I first saw Raj Patel when he was on the Colbert Report. He was first a guest back in January and this appearance led to a religious cult declaring him as a messiah because…he stuttered in that interview.
“This is a deeply thought-provoking book about the dramatic changes we must make to save the planet from financial madness” — Naomi Klein. Opening with Oscar Wilde’s observation that “nowadays people know the price of everything and the value of nothing,” Patel shows how our faith in prices as a way of valuing the world is misplaced. He reveals the hidden ecological and social costs of a hamburger (as much as $200), and asks how we came to have markets in the first place. Both the corporate capture of government and our current financial crisis, Patel argues, are a result of our democratically bankrupt political system.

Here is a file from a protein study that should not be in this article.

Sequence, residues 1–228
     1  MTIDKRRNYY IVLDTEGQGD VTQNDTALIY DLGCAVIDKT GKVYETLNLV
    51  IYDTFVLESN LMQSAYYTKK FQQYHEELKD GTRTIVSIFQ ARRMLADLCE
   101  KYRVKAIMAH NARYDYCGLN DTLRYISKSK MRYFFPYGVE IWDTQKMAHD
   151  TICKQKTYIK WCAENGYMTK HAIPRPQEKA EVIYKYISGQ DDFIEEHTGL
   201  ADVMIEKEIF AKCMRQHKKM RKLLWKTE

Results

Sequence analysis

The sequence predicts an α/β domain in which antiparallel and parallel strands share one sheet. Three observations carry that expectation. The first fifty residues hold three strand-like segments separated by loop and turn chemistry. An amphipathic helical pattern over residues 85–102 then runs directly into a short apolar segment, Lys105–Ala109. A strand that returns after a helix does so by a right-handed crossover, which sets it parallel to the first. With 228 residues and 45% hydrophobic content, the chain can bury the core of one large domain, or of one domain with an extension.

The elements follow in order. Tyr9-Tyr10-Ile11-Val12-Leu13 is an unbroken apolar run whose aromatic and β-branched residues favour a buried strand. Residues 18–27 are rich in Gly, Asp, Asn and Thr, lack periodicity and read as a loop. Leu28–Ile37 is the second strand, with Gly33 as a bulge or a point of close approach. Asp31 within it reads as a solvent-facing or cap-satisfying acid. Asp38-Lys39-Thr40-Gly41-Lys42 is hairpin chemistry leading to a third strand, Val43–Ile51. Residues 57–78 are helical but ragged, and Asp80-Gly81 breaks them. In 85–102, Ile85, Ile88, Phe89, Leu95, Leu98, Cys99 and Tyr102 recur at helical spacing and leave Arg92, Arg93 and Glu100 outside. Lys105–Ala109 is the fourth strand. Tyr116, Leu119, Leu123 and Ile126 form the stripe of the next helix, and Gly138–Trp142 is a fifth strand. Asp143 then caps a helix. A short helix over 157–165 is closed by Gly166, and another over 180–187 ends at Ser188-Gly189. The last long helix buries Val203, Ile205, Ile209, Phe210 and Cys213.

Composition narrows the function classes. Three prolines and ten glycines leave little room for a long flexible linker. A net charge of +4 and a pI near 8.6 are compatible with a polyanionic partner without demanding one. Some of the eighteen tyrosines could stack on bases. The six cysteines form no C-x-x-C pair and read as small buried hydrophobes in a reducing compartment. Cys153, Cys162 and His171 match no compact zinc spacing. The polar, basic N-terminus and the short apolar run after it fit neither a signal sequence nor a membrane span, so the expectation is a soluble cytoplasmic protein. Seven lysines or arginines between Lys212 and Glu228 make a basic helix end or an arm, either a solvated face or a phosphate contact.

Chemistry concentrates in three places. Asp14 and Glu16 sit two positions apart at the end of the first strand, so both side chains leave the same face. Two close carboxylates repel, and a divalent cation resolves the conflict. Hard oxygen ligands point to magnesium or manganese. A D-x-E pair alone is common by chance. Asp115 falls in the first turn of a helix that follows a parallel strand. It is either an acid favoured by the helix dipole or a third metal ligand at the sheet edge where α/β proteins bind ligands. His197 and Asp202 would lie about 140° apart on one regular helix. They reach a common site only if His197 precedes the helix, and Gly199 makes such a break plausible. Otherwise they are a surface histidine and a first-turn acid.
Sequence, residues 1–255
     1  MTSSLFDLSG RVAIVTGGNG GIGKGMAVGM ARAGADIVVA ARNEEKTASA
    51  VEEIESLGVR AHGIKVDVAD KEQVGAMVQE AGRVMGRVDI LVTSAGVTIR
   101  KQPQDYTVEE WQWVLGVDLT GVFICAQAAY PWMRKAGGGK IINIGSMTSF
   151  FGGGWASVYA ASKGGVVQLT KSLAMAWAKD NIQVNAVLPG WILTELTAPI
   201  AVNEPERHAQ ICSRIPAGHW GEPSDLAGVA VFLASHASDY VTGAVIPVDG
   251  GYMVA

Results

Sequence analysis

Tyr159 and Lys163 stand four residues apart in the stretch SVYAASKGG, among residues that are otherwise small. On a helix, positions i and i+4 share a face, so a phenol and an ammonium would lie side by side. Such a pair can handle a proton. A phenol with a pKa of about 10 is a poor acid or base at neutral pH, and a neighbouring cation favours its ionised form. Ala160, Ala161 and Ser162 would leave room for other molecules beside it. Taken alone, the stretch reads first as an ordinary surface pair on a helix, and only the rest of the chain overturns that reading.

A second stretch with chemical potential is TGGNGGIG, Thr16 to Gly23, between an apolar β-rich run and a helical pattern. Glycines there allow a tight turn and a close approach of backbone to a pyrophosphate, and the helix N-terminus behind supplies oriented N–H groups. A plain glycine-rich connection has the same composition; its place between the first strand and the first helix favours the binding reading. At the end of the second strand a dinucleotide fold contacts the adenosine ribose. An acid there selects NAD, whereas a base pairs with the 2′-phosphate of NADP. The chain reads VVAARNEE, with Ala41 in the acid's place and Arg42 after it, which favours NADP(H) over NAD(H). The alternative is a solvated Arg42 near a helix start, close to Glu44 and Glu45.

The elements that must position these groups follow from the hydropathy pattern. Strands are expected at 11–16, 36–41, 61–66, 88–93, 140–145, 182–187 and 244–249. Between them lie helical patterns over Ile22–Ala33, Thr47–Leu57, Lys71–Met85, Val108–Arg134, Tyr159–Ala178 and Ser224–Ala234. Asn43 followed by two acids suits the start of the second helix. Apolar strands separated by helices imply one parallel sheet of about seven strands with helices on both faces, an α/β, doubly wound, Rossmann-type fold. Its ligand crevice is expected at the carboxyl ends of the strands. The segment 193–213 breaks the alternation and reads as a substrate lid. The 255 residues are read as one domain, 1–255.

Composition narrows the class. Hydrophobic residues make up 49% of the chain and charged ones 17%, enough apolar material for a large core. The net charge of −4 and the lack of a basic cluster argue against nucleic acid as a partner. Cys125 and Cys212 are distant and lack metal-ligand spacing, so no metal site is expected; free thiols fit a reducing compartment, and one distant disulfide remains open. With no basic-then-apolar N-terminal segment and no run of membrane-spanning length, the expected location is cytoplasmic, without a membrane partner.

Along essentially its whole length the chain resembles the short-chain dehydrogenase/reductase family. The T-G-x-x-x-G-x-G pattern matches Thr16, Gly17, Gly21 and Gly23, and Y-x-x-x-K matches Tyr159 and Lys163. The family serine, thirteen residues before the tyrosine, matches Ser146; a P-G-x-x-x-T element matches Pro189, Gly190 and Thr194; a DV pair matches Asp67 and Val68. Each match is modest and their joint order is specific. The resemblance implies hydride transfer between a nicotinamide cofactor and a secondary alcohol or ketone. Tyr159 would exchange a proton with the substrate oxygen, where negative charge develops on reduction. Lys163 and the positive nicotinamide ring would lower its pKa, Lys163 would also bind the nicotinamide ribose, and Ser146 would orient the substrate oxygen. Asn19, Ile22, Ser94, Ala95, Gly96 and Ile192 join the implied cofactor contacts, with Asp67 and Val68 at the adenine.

This short, timely and inspiring book reveals that our current crisis is not simply the result of too much of the wrong kind of economics. While we need to rethink our economic model, Patel argues that the larger failure beneath the food, climate and economic crises is a political one. If economics is about choices, Patel writes, it isn’t often said who gets to make them. The Value of Nothing offers a fresh and accessible way to think about economics and the choices we will all need to make in order to create a sustainable economy and society.